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NASA To Tweak SOFIA To Enhance Its Productivity—Report

NASA has plans for adjusting operations of a certain astronomical observatory, which functions airborne, to boost productivity. At an AAS meeting, Paul Hertz of NASA stated that these were due to reviews for SOFIA, which is a Boeing plane with one 2.5m telescope installed for infrared observations at a high altitude. He stated that productivity and responsiveness as per needs of community science were being boosted. SOFIA will also fly frequently.

It will function at extremely high altitudes, observing infrared -absorbing vapor, which allows observations impossible from the ground. SOFIA would transition from being in development mode to fully operational. This would increase scientific operations productivity, he said. SOFIA currently is among NASA’s largest projects, with an $85.2 million a year price tag. NASA asked for $73 million for 2020, although House Committees have increased its funding significantly.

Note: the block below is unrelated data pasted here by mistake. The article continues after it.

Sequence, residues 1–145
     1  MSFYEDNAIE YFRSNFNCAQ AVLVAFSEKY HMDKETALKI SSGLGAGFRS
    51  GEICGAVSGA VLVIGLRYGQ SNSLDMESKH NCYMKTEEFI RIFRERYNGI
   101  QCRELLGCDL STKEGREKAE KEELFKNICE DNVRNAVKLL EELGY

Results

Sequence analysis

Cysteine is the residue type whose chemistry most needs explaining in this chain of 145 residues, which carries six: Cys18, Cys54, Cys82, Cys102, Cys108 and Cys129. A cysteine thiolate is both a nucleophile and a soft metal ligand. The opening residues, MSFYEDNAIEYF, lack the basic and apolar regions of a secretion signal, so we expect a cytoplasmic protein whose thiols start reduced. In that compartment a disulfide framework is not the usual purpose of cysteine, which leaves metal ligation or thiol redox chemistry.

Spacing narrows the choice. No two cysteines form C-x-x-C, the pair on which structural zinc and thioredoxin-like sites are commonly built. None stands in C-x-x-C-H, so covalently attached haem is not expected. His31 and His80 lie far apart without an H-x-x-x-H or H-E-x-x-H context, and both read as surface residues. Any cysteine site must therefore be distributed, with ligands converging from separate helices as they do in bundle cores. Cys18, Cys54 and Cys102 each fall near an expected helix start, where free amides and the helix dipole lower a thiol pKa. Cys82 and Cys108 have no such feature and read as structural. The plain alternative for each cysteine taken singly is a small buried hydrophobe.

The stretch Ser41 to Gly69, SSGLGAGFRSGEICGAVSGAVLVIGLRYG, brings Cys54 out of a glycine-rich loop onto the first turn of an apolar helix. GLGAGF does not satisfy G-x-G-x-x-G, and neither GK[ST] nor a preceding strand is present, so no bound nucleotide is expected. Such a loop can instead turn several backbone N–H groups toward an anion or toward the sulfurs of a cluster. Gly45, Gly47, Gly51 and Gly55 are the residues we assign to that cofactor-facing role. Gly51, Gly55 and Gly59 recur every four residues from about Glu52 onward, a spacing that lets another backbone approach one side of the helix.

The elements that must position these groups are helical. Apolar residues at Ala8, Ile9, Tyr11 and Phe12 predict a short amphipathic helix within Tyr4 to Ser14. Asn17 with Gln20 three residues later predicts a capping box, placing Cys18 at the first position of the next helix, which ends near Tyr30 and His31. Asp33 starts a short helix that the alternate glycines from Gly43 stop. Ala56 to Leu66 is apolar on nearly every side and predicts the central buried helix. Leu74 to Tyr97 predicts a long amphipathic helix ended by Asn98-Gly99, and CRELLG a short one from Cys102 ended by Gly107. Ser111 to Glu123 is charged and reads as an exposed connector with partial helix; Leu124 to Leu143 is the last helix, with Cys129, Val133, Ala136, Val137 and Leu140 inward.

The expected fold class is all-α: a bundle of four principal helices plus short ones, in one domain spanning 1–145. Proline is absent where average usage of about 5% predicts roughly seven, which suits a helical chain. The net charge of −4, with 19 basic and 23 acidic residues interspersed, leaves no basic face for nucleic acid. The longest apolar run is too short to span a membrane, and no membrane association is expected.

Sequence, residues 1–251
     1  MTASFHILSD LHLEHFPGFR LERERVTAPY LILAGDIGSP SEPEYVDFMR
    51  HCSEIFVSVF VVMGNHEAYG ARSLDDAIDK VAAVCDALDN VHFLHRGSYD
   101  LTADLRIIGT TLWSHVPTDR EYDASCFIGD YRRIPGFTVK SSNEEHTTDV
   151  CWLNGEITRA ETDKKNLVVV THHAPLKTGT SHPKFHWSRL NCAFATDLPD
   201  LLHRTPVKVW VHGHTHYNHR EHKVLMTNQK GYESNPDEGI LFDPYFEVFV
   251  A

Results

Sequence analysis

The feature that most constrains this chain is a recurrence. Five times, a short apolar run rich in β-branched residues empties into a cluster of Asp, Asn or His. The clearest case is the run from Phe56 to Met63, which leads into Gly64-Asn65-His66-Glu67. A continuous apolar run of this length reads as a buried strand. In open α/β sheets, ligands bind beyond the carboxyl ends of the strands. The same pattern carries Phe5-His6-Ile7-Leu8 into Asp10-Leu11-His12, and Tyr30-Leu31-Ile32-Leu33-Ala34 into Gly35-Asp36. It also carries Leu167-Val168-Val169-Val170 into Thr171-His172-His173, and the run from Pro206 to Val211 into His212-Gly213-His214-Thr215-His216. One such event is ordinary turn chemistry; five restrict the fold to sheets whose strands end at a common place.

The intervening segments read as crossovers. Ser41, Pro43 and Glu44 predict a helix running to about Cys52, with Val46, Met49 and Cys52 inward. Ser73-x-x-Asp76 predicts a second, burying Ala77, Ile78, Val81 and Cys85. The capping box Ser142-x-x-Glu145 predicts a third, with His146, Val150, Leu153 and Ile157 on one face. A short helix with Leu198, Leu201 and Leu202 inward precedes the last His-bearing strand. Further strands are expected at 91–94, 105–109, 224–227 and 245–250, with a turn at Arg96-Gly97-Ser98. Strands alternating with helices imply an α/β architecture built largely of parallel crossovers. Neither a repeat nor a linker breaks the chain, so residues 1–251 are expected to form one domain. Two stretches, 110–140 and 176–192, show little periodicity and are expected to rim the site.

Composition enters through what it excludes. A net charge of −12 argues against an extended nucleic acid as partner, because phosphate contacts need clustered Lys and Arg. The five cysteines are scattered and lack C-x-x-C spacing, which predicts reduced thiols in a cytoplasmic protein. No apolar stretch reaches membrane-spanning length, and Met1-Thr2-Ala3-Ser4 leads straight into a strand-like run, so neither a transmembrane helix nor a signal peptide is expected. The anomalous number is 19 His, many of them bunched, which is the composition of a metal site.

Operational since 2014, its 5-year mission was fulfilled in 2019. However, NASA was directed not to use additional money preparing it for senior review, to save on budget. NASA chose to have a scientific and an M&O. Both reviews were complete, with these changes as a consequence. Further specifics are being decided.

The USRA stated that they were awaiting changes too since they had no idea what these productivity-enhancing measures would do. The SST was also excluded from senior review. It is scheduled to be decommissioned, given its long age and distance, which has hampered communications and operations.

Its final phase will end during January next year. Lisa Lombardi, project manager, stated that they were happy about its long lifespan, which was twice the amount of time they had.

NASA had plans to hand over operations to a different organization and had requested bids. However, none of the 2 anonymous companies that applied could obtain the required funding. NASA is finishing senior reviews of other projects like Chandra and Hubble, TESS, NuSTAR, NICER and Fermi. The review was in its final stages. NASA would then decide whether to extend these missions or not, by July.

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